Plus it’s a great opportunity to get some fun exercise. All of this can contribute to our better health, both individually and collectively.
However, this bicycle connection to the beach could be safer. In particular, the southbound crossing of Columbia Boulevard needs improving. Currently bicyclists have only a painted bicycle sharrow marker to tell fast-moving traffic the road is shared with bicycles. The bicyclists are navigating the southbound 33rd Drive ramp along Columbia Boulevard to the 33rd Avenue overpass to cross the railroad tracks and Lombard Street.
The LUTC is recommending the city plan to incorporate safety improvements – and better bicycle and pedestrian connections – on a redesign of this route.
We Concordia residents are lucky to have our very own beach within such easy bicycling distance. I’d like to see it safer!
By Ben Earle, Secretary, CNA LUTC
Things continue buzzing along for your LUTC, so without further ado, here’s the current scoop on what’s cooking!
In addition to Concordia’s participation in the Portland Alleys Allies Project over the past year, one of the benefits from sharing a part-time Portland State University “sustainability intern” with the Boise Neighborhood Association (BNA) has been development of a Neighborhood Sustainability Policy. The policy goal is to provide neighborhoods with guidelines for “…building more equitable, green, and just neighborhoods today and for the years to come.” The LUTC is reviewing the BNA’s version, and we expect to have a draft ready by early fall for community review and hopefully eventual CNA adoption.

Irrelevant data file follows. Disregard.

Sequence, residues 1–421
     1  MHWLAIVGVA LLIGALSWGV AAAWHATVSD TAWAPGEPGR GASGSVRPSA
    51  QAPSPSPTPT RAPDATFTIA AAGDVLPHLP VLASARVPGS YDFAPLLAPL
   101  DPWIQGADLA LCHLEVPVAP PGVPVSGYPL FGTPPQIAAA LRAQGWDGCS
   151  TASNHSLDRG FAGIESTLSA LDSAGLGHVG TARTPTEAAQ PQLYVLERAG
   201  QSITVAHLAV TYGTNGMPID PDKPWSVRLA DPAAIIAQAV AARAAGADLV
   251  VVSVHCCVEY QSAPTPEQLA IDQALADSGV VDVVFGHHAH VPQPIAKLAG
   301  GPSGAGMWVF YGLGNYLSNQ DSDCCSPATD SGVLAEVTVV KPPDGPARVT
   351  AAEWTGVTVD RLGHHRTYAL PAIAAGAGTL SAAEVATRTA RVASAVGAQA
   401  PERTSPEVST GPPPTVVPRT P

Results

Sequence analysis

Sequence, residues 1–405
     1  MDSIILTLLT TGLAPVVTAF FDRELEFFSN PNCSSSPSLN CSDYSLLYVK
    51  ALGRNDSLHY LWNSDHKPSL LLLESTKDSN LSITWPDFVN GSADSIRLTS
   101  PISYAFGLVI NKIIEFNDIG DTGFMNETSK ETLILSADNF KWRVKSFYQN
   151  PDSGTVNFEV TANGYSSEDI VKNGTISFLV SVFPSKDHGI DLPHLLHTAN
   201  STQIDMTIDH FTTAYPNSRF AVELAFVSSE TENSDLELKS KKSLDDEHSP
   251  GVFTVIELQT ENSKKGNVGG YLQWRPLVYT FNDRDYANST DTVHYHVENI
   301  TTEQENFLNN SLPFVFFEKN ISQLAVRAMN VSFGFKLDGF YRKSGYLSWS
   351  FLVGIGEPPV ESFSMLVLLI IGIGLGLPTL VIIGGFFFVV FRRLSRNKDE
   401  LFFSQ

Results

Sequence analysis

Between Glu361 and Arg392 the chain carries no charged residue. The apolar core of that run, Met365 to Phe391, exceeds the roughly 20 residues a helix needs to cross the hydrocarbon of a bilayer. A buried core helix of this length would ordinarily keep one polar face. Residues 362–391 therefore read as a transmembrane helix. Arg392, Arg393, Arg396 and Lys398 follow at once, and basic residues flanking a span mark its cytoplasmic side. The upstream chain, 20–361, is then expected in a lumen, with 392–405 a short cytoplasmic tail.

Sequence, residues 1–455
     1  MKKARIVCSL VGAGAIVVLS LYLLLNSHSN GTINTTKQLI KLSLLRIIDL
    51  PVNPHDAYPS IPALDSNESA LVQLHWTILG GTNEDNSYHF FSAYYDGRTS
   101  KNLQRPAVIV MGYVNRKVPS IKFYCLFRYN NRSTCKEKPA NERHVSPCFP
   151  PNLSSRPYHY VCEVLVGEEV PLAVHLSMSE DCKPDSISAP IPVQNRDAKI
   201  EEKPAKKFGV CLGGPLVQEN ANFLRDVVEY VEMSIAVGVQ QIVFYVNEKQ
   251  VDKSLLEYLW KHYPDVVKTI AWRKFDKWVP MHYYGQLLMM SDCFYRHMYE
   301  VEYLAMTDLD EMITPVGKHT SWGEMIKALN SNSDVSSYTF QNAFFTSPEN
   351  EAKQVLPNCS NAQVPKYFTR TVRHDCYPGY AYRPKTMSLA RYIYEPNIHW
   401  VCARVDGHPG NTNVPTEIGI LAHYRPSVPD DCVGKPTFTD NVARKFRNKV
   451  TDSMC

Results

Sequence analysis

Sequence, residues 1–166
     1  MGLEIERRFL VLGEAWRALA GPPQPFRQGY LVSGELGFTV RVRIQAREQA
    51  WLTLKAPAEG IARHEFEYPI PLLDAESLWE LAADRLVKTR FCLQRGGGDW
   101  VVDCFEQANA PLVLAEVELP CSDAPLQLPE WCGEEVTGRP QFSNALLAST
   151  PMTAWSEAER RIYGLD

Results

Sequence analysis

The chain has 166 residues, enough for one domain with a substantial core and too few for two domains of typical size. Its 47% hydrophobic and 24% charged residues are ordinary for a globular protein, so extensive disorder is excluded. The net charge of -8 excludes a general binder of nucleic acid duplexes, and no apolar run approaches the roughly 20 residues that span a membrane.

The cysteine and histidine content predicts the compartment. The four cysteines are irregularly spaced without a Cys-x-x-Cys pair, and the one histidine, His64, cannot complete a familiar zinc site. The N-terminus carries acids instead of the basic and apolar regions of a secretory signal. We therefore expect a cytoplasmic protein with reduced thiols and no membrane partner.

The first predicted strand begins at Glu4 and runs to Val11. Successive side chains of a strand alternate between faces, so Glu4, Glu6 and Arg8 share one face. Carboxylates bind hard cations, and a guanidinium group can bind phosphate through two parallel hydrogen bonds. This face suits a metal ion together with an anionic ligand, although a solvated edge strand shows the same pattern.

Good news! Right before press time, mayor Charlie Hales agreed to join commissioner Dan Saltzman in sending a letter to developer Brian Spencer in support of the LUTC’s recommendations to address the design deficiencies of the four-story “mixed use” apartment building soon to go up at the corner of 30th Avenue and Killingsworth. The particular emphasis is on ensuring the ground floor is fully optimized for retail use as the current commercial storefront (CS) zoning guidelines clearly intend.